Green Leader Elizabeth May Gets $1,500 Fine for Contempt in Pipeline Arrest

May 29, 2018 Last Updated: May 29, 2018

VANCOUVER—Green Leader Elizabeth May pleaded guilty to a criminal contempt of court charge Monday, moments before a British Columbia Supreme Court judge said the MP exploited her position to encourage others to also break the law by violating his injunction at a Kinder Morgan work site.

Justice Kenneth Affleck said May is also a lawyer and therefore had a responsibility to obey his order and to persuade others to do so.

Affleck issued an injunction more than two months ago preventing people from protesting within five metres of two work sites in Burnaby.

On Monday, Affleck said his order preserved the right to peaceful, lawful, and safe protests but May, 63, chose to protest at a main gate to Kinder Morgan’s pipeline terminal, where she was arrested.

“On March 23, Ms. May went to a work site with the intention of defying the injunction in a manner that drew maximum attention by the media to that defiance,” he said. “That is criminal contempt of court.”

 

New Democrat MP Kennedy Stewart, who was arrested with May as they protested with about 100 others, pleaded guilty to criminal contempt of court two weeks ago. He paid a $500 fine, but said later he did not regret his actions.

May’s lawyer, Alex Ejsmont, apologized to the court on his client’s behalf and proposed a fine of $500.

However, Affleck said May’s punishment had to be greater than it was for others who do not hold positions of authority. He ordered her to pay a $1,500 fine.

Green Party Leader Elizabeth May (C) is flanked by her lawyers Alexander Ejsmony (L) and Andi Mackay (R) as she speaks to reporters outside B.C. Supreme Court in Vancouver, on Monday May 28, 2018, after pleading guilty to a criminal contempt of court charge. (The Canadian Press/Darryl Dyck)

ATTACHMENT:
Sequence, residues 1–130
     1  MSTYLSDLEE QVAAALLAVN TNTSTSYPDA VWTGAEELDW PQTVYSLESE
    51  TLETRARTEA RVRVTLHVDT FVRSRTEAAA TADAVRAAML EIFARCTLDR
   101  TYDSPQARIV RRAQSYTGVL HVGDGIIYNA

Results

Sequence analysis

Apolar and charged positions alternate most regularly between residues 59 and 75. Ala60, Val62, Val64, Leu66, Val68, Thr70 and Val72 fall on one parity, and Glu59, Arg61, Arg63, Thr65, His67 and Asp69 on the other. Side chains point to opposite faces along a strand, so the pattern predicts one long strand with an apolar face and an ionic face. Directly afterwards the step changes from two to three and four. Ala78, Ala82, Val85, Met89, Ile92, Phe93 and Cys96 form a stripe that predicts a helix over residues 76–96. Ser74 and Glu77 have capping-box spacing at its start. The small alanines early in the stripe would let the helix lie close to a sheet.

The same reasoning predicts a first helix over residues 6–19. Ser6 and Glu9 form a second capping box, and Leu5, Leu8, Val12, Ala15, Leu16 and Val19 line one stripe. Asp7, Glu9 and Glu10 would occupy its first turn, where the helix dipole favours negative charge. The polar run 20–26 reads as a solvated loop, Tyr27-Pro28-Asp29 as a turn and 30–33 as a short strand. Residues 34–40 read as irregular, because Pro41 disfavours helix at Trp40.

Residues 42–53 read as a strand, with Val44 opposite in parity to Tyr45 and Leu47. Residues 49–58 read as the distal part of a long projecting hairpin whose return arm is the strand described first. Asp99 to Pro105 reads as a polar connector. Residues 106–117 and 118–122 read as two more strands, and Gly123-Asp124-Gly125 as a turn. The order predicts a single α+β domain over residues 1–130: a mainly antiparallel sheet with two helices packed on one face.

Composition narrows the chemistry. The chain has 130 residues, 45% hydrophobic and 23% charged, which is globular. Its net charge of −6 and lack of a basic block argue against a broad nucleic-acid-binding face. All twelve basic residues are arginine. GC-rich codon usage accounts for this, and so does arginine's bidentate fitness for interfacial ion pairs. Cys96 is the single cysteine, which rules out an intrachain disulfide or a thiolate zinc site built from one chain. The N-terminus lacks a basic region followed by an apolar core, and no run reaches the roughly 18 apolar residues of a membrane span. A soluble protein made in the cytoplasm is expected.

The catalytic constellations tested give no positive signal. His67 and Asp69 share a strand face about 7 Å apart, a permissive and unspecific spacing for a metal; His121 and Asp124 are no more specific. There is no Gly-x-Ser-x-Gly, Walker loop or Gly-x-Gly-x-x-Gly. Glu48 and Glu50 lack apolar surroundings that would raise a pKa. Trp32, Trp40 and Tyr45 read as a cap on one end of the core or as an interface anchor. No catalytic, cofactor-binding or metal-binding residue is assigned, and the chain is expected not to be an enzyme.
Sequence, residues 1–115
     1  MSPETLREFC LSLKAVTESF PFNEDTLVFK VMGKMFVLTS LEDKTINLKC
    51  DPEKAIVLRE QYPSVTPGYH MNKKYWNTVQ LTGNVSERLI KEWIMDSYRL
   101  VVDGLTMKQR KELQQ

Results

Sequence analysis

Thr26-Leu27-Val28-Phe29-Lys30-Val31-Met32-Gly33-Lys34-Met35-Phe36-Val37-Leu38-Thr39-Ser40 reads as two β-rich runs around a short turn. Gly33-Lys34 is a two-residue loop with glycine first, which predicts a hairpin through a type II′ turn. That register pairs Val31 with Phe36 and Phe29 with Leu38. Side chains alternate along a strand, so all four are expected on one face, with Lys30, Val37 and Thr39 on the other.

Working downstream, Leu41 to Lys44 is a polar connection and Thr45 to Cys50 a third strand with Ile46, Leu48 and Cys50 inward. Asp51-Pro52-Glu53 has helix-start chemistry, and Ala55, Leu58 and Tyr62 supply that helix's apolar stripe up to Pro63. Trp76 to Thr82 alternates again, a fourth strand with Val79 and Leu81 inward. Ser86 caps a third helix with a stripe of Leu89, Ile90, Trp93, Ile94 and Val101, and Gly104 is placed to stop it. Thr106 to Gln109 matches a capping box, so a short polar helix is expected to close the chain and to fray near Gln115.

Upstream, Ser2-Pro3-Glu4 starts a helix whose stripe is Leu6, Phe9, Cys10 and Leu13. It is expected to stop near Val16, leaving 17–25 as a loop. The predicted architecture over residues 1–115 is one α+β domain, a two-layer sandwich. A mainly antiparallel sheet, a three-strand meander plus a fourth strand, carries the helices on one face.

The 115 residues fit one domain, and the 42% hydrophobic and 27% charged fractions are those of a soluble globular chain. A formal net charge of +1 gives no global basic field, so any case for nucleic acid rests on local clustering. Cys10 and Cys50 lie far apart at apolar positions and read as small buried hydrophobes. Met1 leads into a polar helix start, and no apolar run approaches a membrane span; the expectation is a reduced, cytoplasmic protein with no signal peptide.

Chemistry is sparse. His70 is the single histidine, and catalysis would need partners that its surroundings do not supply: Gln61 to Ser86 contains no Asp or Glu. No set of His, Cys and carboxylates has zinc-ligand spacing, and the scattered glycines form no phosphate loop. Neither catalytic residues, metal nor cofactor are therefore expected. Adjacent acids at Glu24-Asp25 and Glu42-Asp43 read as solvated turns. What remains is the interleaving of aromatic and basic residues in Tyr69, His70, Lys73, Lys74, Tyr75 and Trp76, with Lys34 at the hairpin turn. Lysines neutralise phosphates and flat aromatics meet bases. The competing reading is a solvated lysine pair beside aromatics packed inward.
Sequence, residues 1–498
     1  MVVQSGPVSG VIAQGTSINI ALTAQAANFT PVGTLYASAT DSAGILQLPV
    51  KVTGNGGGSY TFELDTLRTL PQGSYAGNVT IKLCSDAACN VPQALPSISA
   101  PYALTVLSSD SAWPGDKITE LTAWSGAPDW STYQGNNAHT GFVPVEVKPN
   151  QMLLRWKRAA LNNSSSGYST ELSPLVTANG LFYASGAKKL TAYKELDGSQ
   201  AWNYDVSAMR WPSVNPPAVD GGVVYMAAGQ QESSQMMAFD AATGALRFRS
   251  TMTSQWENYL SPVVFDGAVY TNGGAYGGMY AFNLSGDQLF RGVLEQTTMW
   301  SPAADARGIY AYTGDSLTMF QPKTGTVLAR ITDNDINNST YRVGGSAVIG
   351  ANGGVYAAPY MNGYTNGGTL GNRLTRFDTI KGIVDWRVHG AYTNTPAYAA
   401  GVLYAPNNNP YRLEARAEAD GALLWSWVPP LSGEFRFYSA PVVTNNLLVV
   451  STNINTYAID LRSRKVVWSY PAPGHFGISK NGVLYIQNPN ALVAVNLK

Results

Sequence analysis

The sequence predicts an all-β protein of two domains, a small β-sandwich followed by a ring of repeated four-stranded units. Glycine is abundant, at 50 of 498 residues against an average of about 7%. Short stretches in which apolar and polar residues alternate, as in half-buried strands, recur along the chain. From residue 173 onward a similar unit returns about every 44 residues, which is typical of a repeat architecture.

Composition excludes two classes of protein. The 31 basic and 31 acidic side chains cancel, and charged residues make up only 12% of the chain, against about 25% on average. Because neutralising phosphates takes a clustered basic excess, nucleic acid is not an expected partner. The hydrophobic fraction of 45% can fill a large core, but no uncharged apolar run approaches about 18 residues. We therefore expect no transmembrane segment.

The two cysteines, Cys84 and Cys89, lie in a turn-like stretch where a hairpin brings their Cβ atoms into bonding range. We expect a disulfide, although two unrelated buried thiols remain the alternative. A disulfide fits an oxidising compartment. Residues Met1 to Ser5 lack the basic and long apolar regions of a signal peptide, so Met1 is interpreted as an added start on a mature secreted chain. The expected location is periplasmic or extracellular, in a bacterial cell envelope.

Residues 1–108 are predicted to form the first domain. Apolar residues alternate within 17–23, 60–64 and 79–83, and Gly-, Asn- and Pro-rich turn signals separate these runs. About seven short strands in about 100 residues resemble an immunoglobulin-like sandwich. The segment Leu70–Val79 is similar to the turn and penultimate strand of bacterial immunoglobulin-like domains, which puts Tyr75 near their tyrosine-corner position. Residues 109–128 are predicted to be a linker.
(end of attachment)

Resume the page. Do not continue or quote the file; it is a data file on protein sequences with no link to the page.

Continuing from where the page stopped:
May said outside court she respects the judge’s decision that she should face a stiffer fine but believes non-violent civil disobedience has a place in a functioning democracy.

“I’m holding my head up high,” she said. “My job continues, to do everything I can to represent the constituents of Saanich-Gulf Islands, to protect the Salish Sea, to stand with First Nations in solidarity, and to continue to speak, as we can in a democracy, against this project.”

May said she will reassure her constituents in the Vancouver Island riding that she was not charged with a Criminal Code offence.

“I’m not a convicted criminal. This is a common law offence under an unusual provision around enforcement of private injunctions,” she said, adding her role as an MP is not affected by her guilty plea.

May paused and looked at her lawyer before saying she would not repeat her actions, though she vowed to keep up her fight against the pipeline expansion.